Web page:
This week, the Inflation Reduction Act had a critical breakthrough after U.S. Senator Krysten Sinema agreed to move forward on the bill. Senator Joe Manchin, who negotiated the bill with Senate Majority Leader Charles Schumer, had been in talks with Sinema leading up to this to help her better understand the bill. The chamber is set to vote on a motion to proceed and then begin debate on the bill.
Energy also had an active week as OPEC+ approved a minuscule output to reduce the price of oil in the market, U.S. emergency crude stockpiles fell to their lowest level in 37 years contributing to a diesel shortage, and record U.S. electricity consumption was reportedly consuming record volumes of natural gas. According to the Wall Street Journal, U.S. consumer inflation hit a record 9.1% in June and a big jump in gasoline prices—up 11.2% from the previous month and nearly 60% from a year earlier—drove much of the increase, while shelter and food prices were also major contributors.
Finally, unrelenting inflation is driving up costs and causing more Americans to live paycheck to paycheck. According to the Wall Street Journal, U.S. consumer inflation hit a record 9.1% in June and a big jump in gasoline prices—up 11.2% from the previous month and nearly 60% from a year earlier—drove much of the increase, while shelter and food prices were also major contributors.
Want more of this week’s biggest news in energy? Check our top five favorite stories below.
Everything’s bigger in Texas – including wind power
The Biden administration announced last week that The Gulf of Mexico could expect its first wind farm, which could potentially power 3 million homes, off the coasts of Texas and Louisiana. The project will be developed 24 nautical miles off the coast of Galveston, Texas and will cover more than half a million acres. Business Report states that this new project is the first step in ramping up offshore wind energy in the United States.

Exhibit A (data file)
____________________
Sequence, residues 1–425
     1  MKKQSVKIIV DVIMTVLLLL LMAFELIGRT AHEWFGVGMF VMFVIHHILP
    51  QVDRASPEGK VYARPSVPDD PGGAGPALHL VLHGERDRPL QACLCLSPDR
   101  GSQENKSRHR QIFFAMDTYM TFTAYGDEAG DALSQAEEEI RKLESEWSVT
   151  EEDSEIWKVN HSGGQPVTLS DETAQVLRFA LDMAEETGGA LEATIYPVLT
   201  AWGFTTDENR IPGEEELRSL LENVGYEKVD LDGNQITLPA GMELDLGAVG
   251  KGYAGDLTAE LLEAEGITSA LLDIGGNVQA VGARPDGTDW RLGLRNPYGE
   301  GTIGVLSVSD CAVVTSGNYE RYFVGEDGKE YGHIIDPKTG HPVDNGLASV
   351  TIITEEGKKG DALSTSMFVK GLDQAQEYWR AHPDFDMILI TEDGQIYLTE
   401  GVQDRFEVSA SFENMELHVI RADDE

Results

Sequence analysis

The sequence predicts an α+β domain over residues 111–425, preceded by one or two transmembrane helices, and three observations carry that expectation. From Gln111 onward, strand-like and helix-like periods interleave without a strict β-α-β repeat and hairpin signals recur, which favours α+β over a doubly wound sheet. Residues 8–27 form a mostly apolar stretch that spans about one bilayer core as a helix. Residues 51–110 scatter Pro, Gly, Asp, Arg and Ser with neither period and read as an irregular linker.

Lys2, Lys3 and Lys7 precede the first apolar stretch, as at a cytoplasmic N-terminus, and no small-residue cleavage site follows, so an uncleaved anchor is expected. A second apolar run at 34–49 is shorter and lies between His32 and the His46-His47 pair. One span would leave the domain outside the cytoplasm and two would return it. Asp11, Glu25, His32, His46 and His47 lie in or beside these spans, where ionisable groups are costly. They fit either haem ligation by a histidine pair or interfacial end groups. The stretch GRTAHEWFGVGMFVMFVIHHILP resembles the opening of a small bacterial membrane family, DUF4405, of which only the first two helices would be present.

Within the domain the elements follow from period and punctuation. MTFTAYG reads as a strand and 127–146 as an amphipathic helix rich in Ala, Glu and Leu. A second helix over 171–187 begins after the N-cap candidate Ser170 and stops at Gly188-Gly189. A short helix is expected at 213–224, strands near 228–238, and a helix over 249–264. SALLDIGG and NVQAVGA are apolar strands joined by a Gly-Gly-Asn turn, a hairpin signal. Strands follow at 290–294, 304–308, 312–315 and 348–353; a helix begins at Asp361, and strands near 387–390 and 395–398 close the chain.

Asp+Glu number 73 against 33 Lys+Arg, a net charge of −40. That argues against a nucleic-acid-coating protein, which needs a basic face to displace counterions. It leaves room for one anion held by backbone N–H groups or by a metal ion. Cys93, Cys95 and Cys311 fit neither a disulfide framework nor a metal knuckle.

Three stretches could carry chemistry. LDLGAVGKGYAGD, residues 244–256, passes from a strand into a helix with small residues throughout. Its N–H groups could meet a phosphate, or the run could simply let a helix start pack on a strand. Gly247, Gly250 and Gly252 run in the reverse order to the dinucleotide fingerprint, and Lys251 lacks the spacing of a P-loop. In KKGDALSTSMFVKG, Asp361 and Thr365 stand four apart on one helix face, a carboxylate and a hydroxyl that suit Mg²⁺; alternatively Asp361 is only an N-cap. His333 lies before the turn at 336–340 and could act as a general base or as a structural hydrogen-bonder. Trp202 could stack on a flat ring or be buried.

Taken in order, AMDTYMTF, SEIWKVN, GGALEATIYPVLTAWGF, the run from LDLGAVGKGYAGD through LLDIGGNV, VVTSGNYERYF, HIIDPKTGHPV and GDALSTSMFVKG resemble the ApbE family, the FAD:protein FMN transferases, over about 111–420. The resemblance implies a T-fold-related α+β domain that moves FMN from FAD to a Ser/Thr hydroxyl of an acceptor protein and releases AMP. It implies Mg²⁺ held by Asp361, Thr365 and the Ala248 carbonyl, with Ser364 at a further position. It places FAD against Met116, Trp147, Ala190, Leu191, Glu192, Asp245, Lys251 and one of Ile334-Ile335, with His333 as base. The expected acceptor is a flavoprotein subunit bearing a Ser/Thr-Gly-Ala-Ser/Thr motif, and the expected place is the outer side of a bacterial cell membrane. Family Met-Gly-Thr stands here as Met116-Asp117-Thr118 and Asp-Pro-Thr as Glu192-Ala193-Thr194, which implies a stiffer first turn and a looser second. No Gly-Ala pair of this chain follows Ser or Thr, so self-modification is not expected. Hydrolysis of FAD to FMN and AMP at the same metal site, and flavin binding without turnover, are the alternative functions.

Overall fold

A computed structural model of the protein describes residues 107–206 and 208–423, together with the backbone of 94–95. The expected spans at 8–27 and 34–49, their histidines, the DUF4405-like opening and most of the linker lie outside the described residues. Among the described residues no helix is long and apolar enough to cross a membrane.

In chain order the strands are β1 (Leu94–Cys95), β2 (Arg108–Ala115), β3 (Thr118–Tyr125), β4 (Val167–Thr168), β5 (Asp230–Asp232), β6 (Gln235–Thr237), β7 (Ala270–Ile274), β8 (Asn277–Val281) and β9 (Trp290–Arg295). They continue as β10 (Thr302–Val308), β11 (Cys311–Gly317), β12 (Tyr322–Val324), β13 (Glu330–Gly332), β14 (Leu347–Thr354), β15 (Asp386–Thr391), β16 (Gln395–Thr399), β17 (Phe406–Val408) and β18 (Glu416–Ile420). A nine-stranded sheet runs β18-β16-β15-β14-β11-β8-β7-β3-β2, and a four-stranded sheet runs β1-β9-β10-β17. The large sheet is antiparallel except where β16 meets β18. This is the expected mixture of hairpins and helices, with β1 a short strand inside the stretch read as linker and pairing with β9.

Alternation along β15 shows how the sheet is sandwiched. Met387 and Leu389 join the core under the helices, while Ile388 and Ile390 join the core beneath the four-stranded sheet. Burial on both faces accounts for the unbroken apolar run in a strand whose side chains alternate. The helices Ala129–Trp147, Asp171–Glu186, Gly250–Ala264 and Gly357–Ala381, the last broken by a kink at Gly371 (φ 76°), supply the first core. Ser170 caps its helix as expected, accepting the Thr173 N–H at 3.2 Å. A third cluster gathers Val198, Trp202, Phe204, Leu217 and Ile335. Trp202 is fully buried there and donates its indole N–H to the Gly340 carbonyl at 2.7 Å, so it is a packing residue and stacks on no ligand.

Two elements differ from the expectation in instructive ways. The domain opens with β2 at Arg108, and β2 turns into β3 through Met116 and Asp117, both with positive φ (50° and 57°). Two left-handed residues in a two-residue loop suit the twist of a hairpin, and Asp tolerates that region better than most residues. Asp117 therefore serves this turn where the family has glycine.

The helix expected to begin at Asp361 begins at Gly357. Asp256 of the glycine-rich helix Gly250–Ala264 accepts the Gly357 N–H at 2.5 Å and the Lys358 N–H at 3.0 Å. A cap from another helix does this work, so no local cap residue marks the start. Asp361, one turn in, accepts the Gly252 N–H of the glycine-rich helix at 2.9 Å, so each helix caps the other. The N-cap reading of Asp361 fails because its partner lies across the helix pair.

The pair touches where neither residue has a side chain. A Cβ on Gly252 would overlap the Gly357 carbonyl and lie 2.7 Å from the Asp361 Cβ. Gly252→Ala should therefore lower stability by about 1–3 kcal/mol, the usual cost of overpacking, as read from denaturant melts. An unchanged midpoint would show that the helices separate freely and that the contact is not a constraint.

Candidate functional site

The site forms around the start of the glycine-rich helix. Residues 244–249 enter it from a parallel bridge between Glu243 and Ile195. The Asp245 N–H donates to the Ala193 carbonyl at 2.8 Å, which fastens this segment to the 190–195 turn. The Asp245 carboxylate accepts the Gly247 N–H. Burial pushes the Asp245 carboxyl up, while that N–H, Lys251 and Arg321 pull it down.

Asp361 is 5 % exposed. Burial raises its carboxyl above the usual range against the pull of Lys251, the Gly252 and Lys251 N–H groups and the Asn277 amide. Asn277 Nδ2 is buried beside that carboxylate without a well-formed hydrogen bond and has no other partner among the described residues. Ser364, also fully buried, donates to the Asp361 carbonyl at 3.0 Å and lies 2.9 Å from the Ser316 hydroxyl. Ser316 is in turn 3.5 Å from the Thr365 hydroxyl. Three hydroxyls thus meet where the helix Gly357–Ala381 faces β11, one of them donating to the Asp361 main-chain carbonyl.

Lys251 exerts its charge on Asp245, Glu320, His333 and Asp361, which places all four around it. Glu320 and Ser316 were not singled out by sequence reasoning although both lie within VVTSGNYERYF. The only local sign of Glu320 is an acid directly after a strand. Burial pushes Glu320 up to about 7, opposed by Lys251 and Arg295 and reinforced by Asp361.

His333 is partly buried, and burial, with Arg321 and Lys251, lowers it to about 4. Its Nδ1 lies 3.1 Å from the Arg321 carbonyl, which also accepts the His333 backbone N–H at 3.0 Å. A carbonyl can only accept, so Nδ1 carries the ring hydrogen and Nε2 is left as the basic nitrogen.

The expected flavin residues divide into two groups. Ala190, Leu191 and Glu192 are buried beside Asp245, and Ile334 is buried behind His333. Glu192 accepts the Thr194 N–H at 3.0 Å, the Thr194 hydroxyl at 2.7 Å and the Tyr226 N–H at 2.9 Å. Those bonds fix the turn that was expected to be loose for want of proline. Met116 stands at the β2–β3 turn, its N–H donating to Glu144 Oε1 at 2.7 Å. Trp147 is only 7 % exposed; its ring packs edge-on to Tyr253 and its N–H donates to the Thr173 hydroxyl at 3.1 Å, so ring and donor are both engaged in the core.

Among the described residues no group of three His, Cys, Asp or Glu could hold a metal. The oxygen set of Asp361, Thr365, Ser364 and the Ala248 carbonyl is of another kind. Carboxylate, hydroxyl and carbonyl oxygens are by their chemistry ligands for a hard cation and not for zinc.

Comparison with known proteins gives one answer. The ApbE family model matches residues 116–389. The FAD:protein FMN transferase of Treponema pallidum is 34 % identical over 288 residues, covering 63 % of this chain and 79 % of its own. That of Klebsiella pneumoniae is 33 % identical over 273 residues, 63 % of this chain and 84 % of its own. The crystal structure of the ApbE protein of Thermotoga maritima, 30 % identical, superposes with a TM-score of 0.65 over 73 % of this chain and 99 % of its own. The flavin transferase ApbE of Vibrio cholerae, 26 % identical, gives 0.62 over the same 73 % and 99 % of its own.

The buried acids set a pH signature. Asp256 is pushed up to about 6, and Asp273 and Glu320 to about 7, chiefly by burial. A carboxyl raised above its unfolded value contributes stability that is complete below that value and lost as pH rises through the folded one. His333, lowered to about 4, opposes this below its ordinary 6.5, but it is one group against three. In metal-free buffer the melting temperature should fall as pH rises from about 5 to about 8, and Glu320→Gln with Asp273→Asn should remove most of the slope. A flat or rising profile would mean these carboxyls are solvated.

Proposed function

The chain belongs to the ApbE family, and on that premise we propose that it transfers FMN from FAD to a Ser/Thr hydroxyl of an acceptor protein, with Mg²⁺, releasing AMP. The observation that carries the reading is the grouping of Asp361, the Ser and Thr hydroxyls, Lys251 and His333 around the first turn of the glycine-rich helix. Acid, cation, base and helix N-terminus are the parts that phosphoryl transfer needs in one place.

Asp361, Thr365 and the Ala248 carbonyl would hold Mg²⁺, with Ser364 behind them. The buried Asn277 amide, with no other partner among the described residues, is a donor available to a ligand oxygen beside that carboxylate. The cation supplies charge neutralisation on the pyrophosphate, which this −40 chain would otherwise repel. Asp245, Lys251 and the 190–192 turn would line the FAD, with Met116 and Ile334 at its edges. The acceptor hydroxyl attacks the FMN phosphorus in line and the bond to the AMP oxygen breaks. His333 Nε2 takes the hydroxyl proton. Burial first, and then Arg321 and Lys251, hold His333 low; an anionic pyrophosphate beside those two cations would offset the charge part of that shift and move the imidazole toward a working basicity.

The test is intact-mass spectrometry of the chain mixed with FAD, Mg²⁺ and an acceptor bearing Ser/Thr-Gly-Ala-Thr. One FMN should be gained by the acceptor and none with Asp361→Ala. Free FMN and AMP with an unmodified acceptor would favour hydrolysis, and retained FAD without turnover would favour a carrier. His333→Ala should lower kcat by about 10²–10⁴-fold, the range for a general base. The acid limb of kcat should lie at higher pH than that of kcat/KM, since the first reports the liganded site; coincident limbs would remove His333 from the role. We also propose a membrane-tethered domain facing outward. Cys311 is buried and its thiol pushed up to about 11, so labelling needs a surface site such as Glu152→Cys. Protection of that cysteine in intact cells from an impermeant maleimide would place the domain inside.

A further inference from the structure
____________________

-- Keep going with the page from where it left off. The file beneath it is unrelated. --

Fast-tracked path to fusion energy
The Massachusetts Institute of Technology announced its partnership with the U.K. Government to pursue a commercially-viable nuclear fusion reactor. The partnership’s ultimate goal is to have commercial fusion power on the grid by 2031. Newsweek reports that scientists have been working on nuclear fusion for decades but believe this partnership will support the fastest path to clean, commercial fusion energy.
Power on with portable wind turbines
Wind energy has a significant influence on the energy industry and produces more than 9% of all electricity in the U.S. Wind plans to make another industrial move with portable turbines that are the size and shape of a large water bottle and designed to fit into your backpack. Freethink reports that the turbine can generate about three phone charges worth of electricity in an hour when the wind blows between 8 and 28 mph.
A new mean, green, solar lawn care machine
Engineers in California are in the process of creating a lawn mower that can run off of solar power. This new green machine offers buyers several options and one model can accelerate from 0 to its top speed of 11.5 mph in 1.3 seconds. PV Magazine reports that the machines should be in high demand since California recently passed a law banning the sale of powered leaf blows and lawn mowers by 2024.
A game-changing giant water battery
Switzerland has unveiled its latest renewable energy innovation: a giant water battery. The water battery, called Nant de Drance, is a pumped storage hydropower plant that provides the same energy storage capacity as 400,000 electric car batteries. CNN reports that the agile, reversible turbines offer new levels of flexibility and with the flick of a switch, the plant can go from storing energy to providing electricity.